I understand that pkgsrc can be run on most Unices, including macOS, Linux, and Cygwin. What is the difference between FreeBSD ports and pkgsrc? Is it because pkgsrc wants to be inclusive of all Unices?
pkgsrc, the NetBSD package collection, aims, just like the NetBSD project itself, to be portable:
Like NetBSD, pkgsrc is designed with portability in mind and consists of highly portable code. This allows the greatest speed of development when porting to a new platform. This portability also ensures that pkgsrc is consistent across all platforms.
(ref: The pkgsrc documentation).
The FreeBSD ports and packages, and the OpenBSD equivalent for that matter, aims at providing third-party software for that particular operating system, only. So the aim is a bit different.
As usual, the FreeBSD project is concerned with supporting as many FreeBSD users as possible (and therefore has the largest 3rd-party software collection), while OpenBSD is driven by developers for developers ("you say you want this, but I don't see a patch from you").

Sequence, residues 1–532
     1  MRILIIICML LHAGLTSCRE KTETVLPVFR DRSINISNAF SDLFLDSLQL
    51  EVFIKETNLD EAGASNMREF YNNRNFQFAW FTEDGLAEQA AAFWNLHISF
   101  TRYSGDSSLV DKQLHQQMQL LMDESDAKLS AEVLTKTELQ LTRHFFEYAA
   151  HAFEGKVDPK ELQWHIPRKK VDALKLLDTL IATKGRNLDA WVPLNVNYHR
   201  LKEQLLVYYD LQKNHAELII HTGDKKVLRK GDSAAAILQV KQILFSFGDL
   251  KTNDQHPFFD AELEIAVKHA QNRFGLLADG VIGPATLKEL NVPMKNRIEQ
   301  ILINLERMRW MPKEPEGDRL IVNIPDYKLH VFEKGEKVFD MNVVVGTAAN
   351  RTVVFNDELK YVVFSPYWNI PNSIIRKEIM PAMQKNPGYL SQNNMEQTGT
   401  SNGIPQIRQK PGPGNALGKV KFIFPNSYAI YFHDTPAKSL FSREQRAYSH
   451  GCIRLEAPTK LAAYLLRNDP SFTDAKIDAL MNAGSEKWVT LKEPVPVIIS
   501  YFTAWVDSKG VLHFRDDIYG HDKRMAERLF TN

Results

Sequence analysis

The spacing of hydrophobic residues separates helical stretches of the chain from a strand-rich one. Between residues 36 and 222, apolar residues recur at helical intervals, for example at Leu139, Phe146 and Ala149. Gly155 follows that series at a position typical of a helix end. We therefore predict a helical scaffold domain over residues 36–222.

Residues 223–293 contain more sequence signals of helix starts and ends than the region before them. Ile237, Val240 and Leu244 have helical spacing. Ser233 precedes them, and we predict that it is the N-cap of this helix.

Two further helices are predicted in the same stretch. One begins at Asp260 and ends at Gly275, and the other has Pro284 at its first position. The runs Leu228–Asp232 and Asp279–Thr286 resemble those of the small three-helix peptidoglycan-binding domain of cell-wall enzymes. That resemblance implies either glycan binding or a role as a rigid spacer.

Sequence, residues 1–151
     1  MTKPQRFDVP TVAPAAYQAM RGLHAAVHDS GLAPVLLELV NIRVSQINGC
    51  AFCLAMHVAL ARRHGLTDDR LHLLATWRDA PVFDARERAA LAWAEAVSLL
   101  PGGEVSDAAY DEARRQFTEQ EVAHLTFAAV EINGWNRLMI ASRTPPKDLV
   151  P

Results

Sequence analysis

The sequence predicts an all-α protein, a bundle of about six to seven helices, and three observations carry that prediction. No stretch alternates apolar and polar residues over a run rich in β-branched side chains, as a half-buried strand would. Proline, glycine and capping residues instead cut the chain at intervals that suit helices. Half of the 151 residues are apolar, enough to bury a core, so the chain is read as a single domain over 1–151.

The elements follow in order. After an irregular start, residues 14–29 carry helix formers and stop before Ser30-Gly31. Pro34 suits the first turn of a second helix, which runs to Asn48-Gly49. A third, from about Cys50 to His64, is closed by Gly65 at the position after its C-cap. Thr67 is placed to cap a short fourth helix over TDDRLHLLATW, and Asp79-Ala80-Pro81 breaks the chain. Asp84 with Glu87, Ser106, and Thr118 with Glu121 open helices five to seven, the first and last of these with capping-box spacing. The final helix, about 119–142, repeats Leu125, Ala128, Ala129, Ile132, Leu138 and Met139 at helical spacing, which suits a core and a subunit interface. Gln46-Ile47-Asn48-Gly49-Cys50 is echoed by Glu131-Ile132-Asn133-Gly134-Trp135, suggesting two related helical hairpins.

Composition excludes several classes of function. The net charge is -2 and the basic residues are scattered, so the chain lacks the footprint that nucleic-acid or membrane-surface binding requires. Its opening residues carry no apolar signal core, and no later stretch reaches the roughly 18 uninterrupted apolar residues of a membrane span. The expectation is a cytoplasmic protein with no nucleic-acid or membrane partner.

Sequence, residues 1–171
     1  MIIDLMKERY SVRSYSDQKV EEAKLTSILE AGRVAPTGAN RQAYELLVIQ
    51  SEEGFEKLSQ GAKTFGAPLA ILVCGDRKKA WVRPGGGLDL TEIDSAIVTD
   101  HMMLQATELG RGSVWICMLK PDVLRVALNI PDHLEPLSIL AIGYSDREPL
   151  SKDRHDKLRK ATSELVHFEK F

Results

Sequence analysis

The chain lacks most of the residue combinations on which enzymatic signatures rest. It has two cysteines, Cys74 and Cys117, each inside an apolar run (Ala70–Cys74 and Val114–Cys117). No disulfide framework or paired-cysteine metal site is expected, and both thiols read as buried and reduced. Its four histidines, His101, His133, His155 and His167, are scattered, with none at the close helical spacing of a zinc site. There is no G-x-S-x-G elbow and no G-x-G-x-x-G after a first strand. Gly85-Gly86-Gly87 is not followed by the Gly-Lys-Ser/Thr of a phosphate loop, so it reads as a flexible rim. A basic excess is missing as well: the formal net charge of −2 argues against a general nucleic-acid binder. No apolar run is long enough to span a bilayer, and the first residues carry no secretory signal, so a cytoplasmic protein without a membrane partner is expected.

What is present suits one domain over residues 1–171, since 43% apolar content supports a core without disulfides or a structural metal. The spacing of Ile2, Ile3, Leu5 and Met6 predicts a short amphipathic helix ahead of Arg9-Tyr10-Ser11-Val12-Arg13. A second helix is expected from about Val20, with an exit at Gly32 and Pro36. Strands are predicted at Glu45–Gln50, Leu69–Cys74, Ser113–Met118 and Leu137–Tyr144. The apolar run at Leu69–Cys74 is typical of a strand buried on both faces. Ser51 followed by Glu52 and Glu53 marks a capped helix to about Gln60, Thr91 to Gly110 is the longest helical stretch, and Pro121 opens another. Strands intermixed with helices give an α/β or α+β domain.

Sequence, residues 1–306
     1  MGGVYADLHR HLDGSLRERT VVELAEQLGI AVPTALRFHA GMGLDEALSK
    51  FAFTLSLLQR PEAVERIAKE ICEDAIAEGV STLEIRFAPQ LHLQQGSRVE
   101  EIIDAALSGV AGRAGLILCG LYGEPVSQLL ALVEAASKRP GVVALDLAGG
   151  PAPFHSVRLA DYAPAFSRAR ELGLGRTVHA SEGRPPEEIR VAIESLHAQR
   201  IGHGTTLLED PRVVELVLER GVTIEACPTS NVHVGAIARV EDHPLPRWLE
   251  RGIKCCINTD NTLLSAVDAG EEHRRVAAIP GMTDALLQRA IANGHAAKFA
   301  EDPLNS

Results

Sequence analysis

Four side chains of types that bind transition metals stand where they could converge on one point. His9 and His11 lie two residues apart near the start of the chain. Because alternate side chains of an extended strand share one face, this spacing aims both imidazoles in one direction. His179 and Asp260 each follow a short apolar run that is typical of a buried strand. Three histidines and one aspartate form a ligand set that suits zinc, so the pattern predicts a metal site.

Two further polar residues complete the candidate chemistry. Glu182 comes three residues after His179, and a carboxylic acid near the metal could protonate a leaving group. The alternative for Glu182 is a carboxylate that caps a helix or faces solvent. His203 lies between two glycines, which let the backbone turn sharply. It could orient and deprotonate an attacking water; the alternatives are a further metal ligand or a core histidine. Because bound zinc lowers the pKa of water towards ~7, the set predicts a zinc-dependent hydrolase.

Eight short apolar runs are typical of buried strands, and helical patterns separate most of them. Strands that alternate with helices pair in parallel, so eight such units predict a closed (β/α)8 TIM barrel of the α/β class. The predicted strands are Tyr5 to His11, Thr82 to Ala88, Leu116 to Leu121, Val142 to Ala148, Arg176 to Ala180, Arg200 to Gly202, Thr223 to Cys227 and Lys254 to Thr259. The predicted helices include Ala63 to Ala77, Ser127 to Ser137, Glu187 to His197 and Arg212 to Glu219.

The three BSDs' ports systems have many things in common due to being intimately related, but nowadays, due to diverging development, they are definitely not drop-in replacements of each other. The tools are different, the structure of what constitutes a port/package is different and even some of the terminology is different (a NetBSD "port" is not the same as a FreeBSD "port").
Coming from OpenBSD and therefore familiar with that system's port system (building things in port subdirectories using
make etc.), I have successfully used pkgsrc on various Linux systems where I haven't had root access, as well as on my personal macOS machine.
The strength of pkgsrc is that it offers its users the possibility of having a homogenous working environment across heterogeneous Unix platforms.
However, I see no point in running it on OpenBSD, even though it's definitely possible, as the OpenBSD ports collection has all the software that I need. A FreeBSD user may feel the same about running pkgsrc on FreeBSD.